Supply chain worries loom over global economy


Everyone has become a supply chain expert, even White House aides. This is not a good development. It is as if everyone thought they knew how to disarm unexploded bombs.

And some who have been systematising supply chain management for decades are having doubts about how the world they helped create has developed. The all-seeing companies organised through the application of supply chain genius, such as Alibaba and Amazon, are under relentless political pressure.

“Paddy” Padmanabhan, of the Insead Emerging Market Institute in Singapore, co-wrote an influential 1997 paper on “information distortion in supply chains” and went on to advise major corporations and other academics on the topic.

Now, he says: “Twenty or 30 years back you had three or maybe four layers in supply chains. We have so many more layers that it is not clear we are adding to viability. We could have more bottlenecks and more chaos than before.”

At the moment, people across the globe are experiencing many more idiosyncratic shortages, from oxygen in Indian hospitals to gasoline on the US East Coast to automobile semiconductors pretty much everywhere. Geopolitical tensions such as US-China military manoeuvring over Taiwan, the Ruhr Valley of advanced semiconductor manufacturing, have added to worries on supply chain vulnerability.

Specific supply shortfalls will be solved. The question is whether they are part of a general trend of intensifying cycles of shortages, followed by recovery and overstocking, which lead in turn to speculative binges and then to deeper recessions spurred by inventory liquidation.

That is part of what concerns Padmanabhan. Recessions would be amplified by these shocks (such as Covid) that impact the global supply chain. He cites shipping. Some 90 per cent of the world’s goods trade is transported by ship, according to the OECD.

Padmanabhan points out many crews are from India. So a lack of Covid vaccine distribution and oxygen supply in India affects much more than the country’s own exports and imports. “While there is better visibility today (on events like Covid as they occur), the ship operators’ ability to forecast them is minimal or non-existent,” he says.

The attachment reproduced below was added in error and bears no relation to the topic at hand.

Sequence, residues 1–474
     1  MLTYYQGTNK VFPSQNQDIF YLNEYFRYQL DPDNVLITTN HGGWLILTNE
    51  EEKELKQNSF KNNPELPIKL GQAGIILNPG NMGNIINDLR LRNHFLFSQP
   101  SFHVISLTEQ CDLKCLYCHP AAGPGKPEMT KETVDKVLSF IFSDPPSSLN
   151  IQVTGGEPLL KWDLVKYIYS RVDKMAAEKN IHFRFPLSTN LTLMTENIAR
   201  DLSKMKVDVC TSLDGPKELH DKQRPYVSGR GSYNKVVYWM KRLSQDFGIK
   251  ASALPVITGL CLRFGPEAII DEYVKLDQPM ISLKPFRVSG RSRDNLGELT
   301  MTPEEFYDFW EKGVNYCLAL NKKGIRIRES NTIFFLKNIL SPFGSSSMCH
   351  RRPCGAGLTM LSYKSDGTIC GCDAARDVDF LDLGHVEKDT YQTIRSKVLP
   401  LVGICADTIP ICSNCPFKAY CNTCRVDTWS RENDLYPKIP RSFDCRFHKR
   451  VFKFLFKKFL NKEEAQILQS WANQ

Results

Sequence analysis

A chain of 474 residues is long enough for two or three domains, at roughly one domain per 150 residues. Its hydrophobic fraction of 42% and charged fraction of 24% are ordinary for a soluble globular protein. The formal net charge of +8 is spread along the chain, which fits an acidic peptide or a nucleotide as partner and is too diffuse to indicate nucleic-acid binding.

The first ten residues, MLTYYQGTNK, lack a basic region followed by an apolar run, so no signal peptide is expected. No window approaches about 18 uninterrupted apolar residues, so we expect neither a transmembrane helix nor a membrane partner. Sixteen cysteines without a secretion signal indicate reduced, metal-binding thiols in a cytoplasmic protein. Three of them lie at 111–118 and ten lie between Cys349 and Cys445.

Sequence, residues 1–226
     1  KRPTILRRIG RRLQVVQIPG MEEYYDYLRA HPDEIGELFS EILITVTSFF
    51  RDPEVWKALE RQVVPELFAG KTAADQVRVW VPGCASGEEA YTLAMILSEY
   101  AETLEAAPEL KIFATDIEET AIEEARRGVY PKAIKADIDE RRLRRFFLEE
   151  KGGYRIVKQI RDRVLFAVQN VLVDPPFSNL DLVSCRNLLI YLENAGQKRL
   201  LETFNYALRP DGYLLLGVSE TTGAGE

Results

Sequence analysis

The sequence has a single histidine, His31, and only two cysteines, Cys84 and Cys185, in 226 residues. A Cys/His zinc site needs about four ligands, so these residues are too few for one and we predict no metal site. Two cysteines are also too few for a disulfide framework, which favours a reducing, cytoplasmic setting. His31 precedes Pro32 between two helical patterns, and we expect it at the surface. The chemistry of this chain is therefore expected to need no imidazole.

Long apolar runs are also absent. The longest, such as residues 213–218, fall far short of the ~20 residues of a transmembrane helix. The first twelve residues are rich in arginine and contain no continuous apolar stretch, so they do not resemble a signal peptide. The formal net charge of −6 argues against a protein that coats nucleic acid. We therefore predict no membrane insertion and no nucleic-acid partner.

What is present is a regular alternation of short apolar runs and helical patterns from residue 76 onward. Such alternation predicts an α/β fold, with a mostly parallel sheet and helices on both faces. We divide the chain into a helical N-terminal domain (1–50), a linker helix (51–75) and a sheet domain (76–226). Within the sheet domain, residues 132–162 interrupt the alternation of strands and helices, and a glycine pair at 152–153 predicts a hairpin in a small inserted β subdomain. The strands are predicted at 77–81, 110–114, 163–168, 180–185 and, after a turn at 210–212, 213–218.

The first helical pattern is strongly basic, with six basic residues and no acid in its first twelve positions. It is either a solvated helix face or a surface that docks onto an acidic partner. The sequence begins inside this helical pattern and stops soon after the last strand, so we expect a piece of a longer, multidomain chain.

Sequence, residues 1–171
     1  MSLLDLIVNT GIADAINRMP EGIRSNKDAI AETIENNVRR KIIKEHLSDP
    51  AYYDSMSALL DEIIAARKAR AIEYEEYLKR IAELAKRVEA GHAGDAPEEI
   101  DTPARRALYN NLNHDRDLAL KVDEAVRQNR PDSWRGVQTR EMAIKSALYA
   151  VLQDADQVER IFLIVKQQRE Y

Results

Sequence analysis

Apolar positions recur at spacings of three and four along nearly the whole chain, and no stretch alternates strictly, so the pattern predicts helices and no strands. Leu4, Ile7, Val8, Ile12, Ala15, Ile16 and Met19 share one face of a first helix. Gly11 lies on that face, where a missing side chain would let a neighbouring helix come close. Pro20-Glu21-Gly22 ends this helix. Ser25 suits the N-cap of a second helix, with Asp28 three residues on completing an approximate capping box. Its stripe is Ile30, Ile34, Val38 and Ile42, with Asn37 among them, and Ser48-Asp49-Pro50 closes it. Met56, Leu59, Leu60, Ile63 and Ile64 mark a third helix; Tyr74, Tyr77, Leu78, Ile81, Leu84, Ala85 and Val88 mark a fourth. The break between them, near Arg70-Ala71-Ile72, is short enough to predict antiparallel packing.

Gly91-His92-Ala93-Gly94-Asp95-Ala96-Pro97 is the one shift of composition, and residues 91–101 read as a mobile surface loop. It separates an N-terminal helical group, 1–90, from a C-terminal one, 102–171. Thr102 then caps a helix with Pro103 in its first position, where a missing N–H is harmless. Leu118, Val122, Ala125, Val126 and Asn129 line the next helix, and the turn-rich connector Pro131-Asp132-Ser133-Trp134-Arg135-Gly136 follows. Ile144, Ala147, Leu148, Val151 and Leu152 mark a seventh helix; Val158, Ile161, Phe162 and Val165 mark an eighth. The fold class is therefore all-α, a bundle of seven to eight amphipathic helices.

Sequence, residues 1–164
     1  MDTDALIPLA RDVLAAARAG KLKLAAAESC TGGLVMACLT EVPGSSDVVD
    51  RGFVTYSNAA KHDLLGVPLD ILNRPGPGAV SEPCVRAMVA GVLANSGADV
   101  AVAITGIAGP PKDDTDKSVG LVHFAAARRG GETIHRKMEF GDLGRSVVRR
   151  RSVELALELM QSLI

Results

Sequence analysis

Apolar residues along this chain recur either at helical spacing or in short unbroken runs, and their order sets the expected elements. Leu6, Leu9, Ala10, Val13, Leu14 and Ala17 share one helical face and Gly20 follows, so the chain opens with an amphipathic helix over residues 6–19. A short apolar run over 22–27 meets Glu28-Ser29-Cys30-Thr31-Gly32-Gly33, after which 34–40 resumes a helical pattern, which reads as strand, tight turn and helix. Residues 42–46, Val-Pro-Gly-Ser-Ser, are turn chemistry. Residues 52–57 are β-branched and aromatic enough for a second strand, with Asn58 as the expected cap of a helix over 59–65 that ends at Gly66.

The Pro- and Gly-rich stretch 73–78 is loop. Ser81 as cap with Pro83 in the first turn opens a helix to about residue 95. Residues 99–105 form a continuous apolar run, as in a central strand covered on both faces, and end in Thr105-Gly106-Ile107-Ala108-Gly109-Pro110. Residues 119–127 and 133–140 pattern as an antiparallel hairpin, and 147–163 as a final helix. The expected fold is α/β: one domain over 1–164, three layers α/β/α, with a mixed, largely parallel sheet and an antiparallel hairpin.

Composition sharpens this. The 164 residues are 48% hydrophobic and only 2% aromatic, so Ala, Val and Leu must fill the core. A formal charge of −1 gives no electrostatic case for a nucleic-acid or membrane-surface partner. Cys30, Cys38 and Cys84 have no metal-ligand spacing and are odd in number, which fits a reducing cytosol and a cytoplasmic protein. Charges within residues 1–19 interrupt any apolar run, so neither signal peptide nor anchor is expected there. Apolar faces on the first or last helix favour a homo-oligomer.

“Logistics”, the name for the supply chain discipline that originated from a French military term, was supposed to solve this sort of problem. The tendency of each layer in the production, shipping, warehousing and delivering sequence to order too much or too little could be minimised if managers used a system-wide perspective to make decisions. This imposition of order on chaos became mathematically described by the engineers of “operations management”.

In the post-second world war period, gradual computerisation made it possible for operations management algorithms to co-ordinate flows of goods across firms and their suppliers. Even monetary economists give the microeconomics of supply chain management much of the credit for the moderation of recessions in recent decades.

Except now it does not seem to be working so well. There is an uncomfortably large number of significant supply chain events that have been leading to price increases or outright rationing.

The big debate among market people and economists is whether the supply chain events are just “transitory” echoes of the Covid shock, or are indications of longer lasting general price inflation.

I have been inclined to think “transitory”, but that belief has become fainter with each official statement. The reassurances from the Fed and Treasury and their international counterparts would induce anyone to throw away their weapons and flee to the rear area.

The problem with putting our trust in the capacity of scientific solutions to manage supply and production is the limit of human rationality. As John Sterman, an MIT professor and supply chain expert, says: “In real life there is no evidence of learning. People’s mental models are oversimplified and they don’t handle time delay well.”

Indeed. Anyone who has seen the mountains of unused equipment left in the wake of foreign military operations that used excellent supply chain management would have the sense that maybe logistics does not solve all our problems.

So now I am more inclined to think the developed world is going into a long boom-bust economic sequence. Instead of settling for being an efficiently managed greying Japan, we will all be resentful, early-70s Britain, without the fun sex.


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